“The cotton breaks down into a cellulose powder; the polyester remains inert, and we put this through a simple melting process and end up with an rPET pellet,” Ross says. “The rPET has opportunities to go into textiles, or any injection moulding, while the cellulose has opportunities to go into the building industry, the cosmetics industry, the pharmaceutical industry or the food industry.

“Investors are keen to [create a closed loop] within their one industry in one sector, [but] they are missing out on opportunities to get into the market quicker, or into areas that are maybe just as high-demand and just as profitable, but also allow you to scale your business quicker.”

BlockTexx’s remit to restructure circularity has been proven in its pilot testing. While working with a hotelier that would typically send its waste linens to landfills, BlockTexx used S.O.F.T. to separate the fabric’s constituents. Later, the extracted polyester was turned into early-stage coat-hangers for use in the hotel’s accommodation areas. Ross explains the benefits of such a business model: “For them, that saves their linens ending up in landfill, but also provides a product (the coat-hangers), that they would normally have to buy, back into their operations at a reduced cost.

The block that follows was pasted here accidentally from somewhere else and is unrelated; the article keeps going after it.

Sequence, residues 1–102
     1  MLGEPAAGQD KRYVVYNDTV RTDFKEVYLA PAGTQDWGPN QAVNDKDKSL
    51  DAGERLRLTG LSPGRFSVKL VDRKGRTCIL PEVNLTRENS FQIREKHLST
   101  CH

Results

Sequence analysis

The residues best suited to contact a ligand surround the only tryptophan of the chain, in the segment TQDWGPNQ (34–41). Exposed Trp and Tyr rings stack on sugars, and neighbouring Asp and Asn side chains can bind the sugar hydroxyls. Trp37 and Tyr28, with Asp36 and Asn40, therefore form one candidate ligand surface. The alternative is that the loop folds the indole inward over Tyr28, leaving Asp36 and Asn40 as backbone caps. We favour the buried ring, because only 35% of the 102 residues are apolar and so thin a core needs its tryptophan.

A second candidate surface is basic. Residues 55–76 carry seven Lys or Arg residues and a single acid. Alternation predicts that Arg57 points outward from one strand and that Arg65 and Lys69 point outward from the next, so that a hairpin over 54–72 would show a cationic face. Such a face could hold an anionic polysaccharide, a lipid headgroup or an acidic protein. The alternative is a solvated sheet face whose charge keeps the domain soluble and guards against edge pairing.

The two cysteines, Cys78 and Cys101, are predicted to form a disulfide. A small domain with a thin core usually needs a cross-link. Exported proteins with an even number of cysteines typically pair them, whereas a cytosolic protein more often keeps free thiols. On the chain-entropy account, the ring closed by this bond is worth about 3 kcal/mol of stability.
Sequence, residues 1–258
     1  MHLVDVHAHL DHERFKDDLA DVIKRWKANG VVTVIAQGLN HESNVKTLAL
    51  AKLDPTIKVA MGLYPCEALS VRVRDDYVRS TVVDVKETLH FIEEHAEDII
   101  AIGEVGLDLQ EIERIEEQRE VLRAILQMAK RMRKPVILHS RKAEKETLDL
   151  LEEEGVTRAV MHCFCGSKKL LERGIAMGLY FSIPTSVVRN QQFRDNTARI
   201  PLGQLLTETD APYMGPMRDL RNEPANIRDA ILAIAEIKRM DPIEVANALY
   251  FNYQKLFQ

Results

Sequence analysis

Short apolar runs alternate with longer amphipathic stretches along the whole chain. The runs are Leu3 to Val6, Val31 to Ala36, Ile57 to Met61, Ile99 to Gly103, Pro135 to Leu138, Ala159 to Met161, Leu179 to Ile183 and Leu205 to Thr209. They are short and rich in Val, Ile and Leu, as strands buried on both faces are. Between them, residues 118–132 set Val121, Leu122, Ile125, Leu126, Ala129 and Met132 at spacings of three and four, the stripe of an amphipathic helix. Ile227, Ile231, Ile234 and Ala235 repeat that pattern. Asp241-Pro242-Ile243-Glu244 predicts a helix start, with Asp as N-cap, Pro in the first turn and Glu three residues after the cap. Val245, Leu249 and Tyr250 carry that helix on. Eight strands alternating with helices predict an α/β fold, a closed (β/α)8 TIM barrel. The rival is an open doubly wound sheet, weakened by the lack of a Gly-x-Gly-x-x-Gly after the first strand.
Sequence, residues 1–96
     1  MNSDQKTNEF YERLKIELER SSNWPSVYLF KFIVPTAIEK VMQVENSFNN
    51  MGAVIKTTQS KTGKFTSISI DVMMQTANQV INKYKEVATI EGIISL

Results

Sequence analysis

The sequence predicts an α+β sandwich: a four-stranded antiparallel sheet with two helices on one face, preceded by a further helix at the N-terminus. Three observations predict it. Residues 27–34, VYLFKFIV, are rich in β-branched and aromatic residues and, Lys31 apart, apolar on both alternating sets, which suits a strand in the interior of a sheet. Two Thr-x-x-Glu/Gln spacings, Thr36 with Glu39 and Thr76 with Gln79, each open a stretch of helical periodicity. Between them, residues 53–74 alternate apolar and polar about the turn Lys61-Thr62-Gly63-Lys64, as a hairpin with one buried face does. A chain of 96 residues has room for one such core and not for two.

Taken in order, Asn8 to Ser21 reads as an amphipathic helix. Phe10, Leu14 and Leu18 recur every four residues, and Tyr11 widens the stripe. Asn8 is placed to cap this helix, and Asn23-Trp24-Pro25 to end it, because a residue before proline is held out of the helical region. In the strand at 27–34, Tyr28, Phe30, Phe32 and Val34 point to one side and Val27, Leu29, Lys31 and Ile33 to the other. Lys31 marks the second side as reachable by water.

“That’s with a reduced amount of CO2 emissions (from avoiding landfills) that they can bring into their sustainability targets. It becomes a fantastic marketing story that they can share within their staff and also to their guests that are staying at the hotels.”